Yep, I have a lot of work to do. But we’re playing music again, a sure sign that the world is beginning to right itself. And that makes me smile. I hope you have found reasons to smile this week too. Even if you’re wearing a mask and fogging up your glasses.
Change is hard.
I’m a lucky lady, I got to experience two big smiles jammed into one weekend. Plus we are experiencing beautiful weather, warm and sunny with the trees starting to turn color. The morning and evening light makes the trees just glow.
But that’s a different blog post.
My first smile of the weekend was Saturday evening when I got to play in a pop-up concert with some of my Clarkston Community Band mates and several professional musicians who came to fill holes in our orchestration.
We haven’t played together since early March. Many of us haven’t played at all since then, though most of us frantically practiced these past few days trying to get our lips back in shape. The professionals sightread the music and sounded wonderful. I was grateful to get to play with them.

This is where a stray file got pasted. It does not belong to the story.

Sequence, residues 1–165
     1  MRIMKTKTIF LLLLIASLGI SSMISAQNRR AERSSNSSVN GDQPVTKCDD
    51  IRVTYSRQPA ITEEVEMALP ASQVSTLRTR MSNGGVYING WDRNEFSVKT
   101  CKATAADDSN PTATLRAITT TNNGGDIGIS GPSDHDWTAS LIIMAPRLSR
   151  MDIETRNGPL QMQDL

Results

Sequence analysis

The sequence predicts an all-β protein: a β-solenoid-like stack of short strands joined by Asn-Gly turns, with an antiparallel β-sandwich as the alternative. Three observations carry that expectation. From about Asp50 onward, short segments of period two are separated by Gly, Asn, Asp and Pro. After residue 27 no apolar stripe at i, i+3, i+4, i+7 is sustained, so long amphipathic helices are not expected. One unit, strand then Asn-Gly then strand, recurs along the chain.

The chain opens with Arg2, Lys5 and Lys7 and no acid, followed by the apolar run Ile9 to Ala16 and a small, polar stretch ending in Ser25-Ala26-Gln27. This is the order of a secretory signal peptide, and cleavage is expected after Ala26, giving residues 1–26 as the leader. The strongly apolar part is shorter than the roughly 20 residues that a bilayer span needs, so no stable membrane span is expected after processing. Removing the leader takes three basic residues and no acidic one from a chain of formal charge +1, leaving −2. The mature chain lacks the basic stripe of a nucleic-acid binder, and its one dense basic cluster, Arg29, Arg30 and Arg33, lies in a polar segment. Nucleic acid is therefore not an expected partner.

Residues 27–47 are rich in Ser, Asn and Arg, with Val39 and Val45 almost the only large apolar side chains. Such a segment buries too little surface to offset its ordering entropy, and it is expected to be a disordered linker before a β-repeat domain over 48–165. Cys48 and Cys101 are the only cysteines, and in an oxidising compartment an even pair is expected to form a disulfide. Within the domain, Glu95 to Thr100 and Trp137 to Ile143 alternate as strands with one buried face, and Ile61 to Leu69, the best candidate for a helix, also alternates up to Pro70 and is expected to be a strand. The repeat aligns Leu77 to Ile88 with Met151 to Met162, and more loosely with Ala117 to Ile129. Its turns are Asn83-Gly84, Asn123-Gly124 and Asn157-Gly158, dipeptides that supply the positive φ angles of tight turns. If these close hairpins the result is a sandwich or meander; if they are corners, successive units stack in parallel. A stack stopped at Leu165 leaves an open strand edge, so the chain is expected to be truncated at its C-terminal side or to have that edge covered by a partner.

It was a lovely night and we are reminded again why we play long after school ends. As our Director, Ms. Roland said, tonight we’re not talking about politics or bingewatching silly shows on TV, we’re not thinking about virusus or worried about the future.
Tonight it’s about the music. And what a relief that was.
I hope the neighbors who came out of their homes, sat in lawn chairs and waited while we did a little rehearsing before we began, I hope they had as much fun as we did.
But I don’t see how they could have had more.
Then this morning I did a virtual 5K with my friend Tami who lives in California. So that we could run/walk together she went out at 6 a.m. while it was still dark, and I waited until 9 am. here, an hour or more later than I would normally go out.
It was a compromise on both our parts because we wanted to motivate each other. Compromise works, I wish it was something that happened more in our world, but I’m not going there in this post.